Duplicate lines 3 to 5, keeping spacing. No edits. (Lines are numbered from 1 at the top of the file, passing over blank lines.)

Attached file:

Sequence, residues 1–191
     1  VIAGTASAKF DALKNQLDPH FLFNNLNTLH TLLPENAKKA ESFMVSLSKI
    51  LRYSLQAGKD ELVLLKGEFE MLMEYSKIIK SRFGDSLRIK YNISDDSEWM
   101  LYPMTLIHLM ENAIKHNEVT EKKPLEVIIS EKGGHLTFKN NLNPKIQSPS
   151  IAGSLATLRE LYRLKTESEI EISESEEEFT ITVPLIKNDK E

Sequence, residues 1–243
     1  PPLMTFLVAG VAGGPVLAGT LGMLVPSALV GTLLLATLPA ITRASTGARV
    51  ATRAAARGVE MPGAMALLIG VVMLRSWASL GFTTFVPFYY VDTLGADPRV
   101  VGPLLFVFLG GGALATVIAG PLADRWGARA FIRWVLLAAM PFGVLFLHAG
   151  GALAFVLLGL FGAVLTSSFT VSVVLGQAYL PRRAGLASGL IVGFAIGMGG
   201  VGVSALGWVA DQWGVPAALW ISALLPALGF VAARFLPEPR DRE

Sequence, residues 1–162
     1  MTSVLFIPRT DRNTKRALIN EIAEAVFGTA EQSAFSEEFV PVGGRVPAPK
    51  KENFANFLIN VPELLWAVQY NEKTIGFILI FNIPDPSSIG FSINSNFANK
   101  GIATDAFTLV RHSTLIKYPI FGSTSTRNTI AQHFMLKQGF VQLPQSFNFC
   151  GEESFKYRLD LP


    51  LRYSLQAGKD ELVLLKGEFE MLMEYSKIIK SRFGDSLRIK YNISDDSEWM
   101  LYPMTLIHLM ENAIKHNEVT EKKPLEVIIS EKGGHLTFKN NLNPKIQSPS
   151  IAGSLATLRE LYRLKTESEI EISESEEEFT ITVPLIKNDK E